A tribute to the life and work of Brian Torode
Using contemporary publicity material and appeal brochures to explore the various plans for an enormous Benedictine Monastery at Prinknash Park, Gloucestershire.
Alan Brooks in ‘Gloucestershire 1: The Cotswolds’ reminds us that after abbatial status was achieved for Prinknash in 1937, ‘Abbot Wilfred Upson worked with H.S. Goodhart-Rendel on grandiose plans for a new monastery, to be built by the monks themselves using traditional load-bearing walls and mass concrete vaults. The design was based on French Romanesque or Byzantine sources, with central lantern crossing tower above the high altar dividing nave and monks’ choir. Only the lower crypt at the east end was partially completed when Goodhart-Rendel died in 1959. Upson’s successor, Abbot Dyfrig Rushton, consulted Oliver Hill and Edward Maufe in the hope of completing the design more economically, but finally returned to Goodhart-Rendel’s former partner, F.G. Broadbent (Broadbent, Hastings, Reid & Todd) to provide the completely modified design built in 1968-72. The abbey church remains unbuilt.’
‘On 3rd May 1939 the foundation stone was laid by His Eminence Cardinal Hinsley, Archbishop of Westminster in the presence of the Apostolic Delegate, and a large gathering of several thousand Catholics and others, including many Bishops, Abbots and Clergy.’
However, the Second World War brought building work to a close.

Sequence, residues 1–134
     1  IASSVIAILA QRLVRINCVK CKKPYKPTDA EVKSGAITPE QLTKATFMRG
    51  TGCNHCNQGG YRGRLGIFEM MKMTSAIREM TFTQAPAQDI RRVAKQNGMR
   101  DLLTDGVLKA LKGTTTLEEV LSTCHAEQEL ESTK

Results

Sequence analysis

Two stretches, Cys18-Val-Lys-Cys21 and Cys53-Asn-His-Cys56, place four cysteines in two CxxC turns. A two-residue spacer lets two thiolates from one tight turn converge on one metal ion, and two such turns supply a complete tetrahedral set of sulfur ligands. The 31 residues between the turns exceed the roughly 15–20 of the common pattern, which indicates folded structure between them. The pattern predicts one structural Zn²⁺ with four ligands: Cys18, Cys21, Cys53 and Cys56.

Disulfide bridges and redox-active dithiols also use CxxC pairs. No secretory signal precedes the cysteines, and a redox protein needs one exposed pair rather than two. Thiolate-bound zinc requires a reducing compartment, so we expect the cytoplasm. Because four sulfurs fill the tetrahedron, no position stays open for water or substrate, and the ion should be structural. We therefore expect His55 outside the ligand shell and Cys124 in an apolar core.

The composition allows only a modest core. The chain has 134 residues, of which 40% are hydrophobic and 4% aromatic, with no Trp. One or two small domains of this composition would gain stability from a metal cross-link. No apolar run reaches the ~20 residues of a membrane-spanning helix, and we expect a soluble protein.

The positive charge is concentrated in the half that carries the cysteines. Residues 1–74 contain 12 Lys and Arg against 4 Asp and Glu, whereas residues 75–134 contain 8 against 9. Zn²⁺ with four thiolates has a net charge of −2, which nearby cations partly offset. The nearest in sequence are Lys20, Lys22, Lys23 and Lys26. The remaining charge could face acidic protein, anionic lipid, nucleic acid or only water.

1956: The building project is re-launched and the publicity material shows even more lavish plans from H.S. Goodhart-Rendel
The Abbey Church of Our Lady and St Peter Prinknash situated in the lower crypt was consecrated by the Bishop of Clifton on 3rd May 1972.
Rite of consecration:
‘The church is dedicated in honour of Our Lady and St Peter, and the relics pf St John Southworth, St Pius X and St Vincent Ferrer will be sealed into the altars. These relics remind us that our worship on earth is always united to the worship which Christ and his saints give to the Father in heaven.
The people gather together in a suitable place some distance from the church. The Bishop will come down the drive in procession towards them. The procession will include the concelebrants, the Prinknash community, other clergy and the choir of Farnborough Abbey, Hampshire, for whose help with singing we are very grateful. The relics also are carried in the procession.
As the procession approaches the people, the following hymn is sung.
Christ is made the sure foundation, Christ the Head and Corner-stone…’